Some time ago I had sort of a recurrent fight with a flatmate over an open window. It was a really cold day and the rain was pouring down. This lady came into the kitchen, where I was working on my laptop, and without asking me, she opened the window and left to another room.
'Right, what an idiot,' I thought. We had this conversation in the past as she tended to do this quite often. Last time – like a month or two before – we had agreed that she had to ask the rest of the people in the room first. But once again, there she was doing exactly the same thing, not caring. So I stood up and closed it. When she returned to the room, she complained. 'Why have you closed it?' she asked. 'Why did you open it without asking? We have spoken about this already. It's freezing outside and we're trying to make this room warm. Plus I feel poorly and I'm shivering' I replied. And then she went on and on about how the window HAD to be open because she wanted it open, without even commenting on what I just said about not feeling well.
Didn't she care about how I was feeling? Was she being a complete jerk? Why couldn't she see my point of view? And I realised that she had never really empathised with anything else in the past. For instance, once she told me quite rudely to move away from the kitchen table where I was having a meeting over coffee with friends because she needed to use it to have dinner. Another time she demanded I let her use the washing machine that I was using – even though it was not urgent for her but it was for me – simply because it was her turn, she said. One other time, a friend cooked a delicious dish for my flatmates and I. Instead of complimenting her for the food and saying thanks, she behaved and talked as if that was meant to be and she had the 'right' to eat that food. These stories, and many others, just clicked in my mind.
And this made me think of a TED Talk I watched recently. Brené Brown found during her 6 years' Ph.D. research that people can't be compassionate with others if they can't be kind to themselves. Moreover, compassionate people admit that they are imperfect but worthy, and tend to bond with others more easily, to create connections. They embrace vulnerability and they feel ready to embrace in relationships, regardless the outcome of it.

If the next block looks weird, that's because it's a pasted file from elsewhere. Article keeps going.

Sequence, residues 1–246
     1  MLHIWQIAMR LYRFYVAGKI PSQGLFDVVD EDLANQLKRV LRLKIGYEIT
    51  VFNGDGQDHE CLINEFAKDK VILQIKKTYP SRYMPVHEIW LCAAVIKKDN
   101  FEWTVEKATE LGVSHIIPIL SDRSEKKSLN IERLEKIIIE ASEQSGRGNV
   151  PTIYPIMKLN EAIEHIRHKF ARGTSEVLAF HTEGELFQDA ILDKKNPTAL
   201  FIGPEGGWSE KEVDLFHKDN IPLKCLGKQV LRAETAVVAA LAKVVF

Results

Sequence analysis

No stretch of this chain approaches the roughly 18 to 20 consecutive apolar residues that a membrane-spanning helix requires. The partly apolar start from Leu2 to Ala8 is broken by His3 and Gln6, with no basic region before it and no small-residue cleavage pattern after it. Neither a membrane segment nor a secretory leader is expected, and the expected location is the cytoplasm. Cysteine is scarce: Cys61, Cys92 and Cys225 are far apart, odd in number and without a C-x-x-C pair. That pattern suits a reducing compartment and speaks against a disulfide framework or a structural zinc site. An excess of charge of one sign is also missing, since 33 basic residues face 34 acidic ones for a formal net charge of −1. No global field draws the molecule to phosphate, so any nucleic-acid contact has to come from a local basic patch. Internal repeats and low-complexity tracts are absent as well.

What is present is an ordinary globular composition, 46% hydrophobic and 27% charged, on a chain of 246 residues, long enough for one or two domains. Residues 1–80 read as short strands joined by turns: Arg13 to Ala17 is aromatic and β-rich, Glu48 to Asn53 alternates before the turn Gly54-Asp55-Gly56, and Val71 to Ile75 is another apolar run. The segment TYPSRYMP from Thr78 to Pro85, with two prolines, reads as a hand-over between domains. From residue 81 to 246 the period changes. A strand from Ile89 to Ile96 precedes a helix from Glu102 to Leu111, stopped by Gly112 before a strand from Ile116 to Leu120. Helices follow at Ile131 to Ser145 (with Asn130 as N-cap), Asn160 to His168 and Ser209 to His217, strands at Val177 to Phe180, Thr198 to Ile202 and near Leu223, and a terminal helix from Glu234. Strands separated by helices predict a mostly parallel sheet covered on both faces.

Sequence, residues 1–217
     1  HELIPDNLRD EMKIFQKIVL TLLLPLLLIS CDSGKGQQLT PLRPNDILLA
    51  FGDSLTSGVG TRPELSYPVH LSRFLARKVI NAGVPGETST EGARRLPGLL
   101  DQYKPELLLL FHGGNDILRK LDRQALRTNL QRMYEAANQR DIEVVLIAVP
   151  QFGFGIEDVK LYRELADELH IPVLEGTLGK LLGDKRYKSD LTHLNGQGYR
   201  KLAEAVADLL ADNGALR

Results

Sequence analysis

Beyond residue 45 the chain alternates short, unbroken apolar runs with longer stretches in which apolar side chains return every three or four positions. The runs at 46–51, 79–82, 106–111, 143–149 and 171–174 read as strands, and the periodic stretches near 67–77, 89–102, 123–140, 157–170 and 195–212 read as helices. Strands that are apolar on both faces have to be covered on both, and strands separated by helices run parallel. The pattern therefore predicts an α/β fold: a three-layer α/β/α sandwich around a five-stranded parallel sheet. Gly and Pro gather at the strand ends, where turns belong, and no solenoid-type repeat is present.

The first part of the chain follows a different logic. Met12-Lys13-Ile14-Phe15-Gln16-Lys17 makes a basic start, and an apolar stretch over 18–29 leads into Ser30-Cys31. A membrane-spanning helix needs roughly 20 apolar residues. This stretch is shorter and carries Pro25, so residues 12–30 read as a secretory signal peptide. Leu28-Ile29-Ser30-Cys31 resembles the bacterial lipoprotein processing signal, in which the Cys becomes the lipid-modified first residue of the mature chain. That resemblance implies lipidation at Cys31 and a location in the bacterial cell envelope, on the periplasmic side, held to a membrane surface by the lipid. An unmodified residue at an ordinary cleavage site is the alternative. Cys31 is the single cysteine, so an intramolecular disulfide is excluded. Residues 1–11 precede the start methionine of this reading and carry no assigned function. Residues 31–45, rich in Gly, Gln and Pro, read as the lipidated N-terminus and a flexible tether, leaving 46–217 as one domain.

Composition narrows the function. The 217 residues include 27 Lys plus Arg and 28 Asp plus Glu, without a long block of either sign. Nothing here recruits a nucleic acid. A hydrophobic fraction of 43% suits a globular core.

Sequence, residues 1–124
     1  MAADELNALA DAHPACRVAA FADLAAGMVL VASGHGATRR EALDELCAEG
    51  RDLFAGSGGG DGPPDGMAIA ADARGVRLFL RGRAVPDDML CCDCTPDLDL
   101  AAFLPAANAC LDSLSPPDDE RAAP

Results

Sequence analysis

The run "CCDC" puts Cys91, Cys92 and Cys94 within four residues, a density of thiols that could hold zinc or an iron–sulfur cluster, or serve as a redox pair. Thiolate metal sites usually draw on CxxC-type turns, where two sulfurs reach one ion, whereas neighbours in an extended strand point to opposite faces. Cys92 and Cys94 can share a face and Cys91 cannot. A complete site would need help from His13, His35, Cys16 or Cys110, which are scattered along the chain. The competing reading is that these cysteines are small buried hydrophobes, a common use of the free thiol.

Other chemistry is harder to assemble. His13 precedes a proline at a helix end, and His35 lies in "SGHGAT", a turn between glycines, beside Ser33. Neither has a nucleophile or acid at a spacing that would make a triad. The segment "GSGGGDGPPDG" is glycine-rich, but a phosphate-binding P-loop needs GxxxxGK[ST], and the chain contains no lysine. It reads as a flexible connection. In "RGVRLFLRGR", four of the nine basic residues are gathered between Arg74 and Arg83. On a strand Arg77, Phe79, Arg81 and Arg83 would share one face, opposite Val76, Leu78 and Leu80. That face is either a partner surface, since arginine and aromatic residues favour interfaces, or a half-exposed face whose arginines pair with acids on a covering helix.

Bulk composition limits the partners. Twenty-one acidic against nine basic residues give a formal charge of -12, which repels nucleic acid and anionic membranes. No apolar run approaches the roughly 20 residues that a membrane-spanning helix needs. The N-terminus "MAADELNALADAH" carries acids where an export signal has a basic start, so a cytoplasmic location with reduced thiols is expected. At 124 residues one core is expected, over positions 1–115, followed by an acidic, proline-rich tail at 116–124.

But there are so many things in life that makes us feel vulnerable. From telling someone how we feel, to the fear of losing a job, being sick and having to ask for help. The problem is, Brown says, that we can't selectively numb emotions. If we numb unpleasant feelings, like, grief, we also numb affection, joy or gratitude, That makes people feel miserable. It also makes them act sometimes as jerks.
I realised that this behaviour towards me probably didn't even have anything to do with me. Maybe she was just being hard on herself for something I don't know about and has lost the ability of being aware of others along the way. Or there might be many other reasons I am not aware of. It feels like she's blaming me and trying to make me feel uncomfortable. I might be completely wrong about this but let's imagine she does blame me. Blame, in research, is described as 'a way to discharge pain and discomfort'. If this is true then she would have entered the 'dangerous' area of numbing emotions that Brené talks about and she might have done it because she's suffering in silence too. In fact I don't recall her saying anything good about herself, or feeling confident or even looking self-assured. I don't even remember her apologising for anything. I don't remember her having close friends and I remember giving her advice once about how to have a better relationship with her brother who was visiting as she was being insensitive with him too.
This kind of shows us that in order to feel strong, we have to feel vulnerable. Nobody is perfect and we just need to accept that. To become a better person, we have to start from ourselves. We need to feel pain, to empathise, to actively listen. We can't numb ourselves from the world as along with the unpleasant emotions the good ones go as well. We need to be understanding of others that may have not come to this conclusion yet. I believe that when we realise that everything that happens in life – the good and the bad – helps us become who we are; we can make peace with ourselves.